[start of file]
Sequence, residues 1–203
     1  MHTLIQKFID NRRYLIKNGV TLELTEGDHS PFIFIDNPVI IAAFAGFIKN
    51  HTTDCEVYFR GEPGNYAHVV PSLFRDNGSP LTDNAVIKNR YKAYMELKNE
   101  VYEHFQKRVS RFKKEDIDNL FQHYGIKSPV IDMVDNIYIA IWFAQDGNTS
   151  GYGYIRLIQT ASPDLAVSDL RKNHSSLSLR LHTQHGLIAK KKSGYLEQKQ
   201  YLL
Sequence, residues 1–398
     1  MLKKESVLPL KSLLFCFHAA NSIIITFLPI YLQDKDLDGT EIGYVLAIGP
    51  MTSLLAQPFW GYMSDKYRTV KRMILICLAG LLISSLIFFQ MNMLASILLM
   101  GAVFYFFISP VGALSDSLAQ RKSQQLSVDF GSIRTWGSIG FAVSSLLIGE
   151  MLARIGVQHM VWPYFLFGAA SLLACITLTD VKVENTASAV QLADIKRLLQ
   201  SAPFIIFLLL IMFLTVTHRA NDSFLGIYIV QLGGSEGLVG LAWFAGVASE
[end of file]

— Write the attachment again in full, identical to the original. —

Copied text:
Sequence, residues 1–203
     1  MHTLIQKFID NRRYLIKNGV TLELTEGDHS PFIFIDNPVI IAAFAGFIKN
    51  HTTDCEVYFR GEPGNYAHVV PSLFRDNGSP LTDNAVIKNR YKAYMELKNE
   101  VYEHFQKRVS RFKKEDIDNL FQHYGIKSPV IDMVDNIYIA IWFAQDGNTS
   151  GYGYIRLIQT ASPDLAVSDL RKNHSSLSLR LHTQHGLIAK KKSGYLEQKQ
   201  YLL
Sequence, residues 1–398
     1  MLKKESVLPL KSLLFCFHAA NSIIITFLPI YLQDKDLDGT EIGYVLAIGP
    51  MTSLLAQPFW GYMSDKYRTV KRMILICLAG LLISSLIFFQ MNMLASILLM
   101  GAVFYFFISP VGALSDSLAQ RKSQQLSVDF GSIRTWGSIG FAVSSLLIGE
   151  MLARIGVQHM VWPYFLFGAA SLLACITLTD VKVENTASAV QLADIKRLLQ
   201  SAPFIIFLLL IMFLTVTHRA NDSFLGIYIV QLGGSEGLVG LAWFAGVASE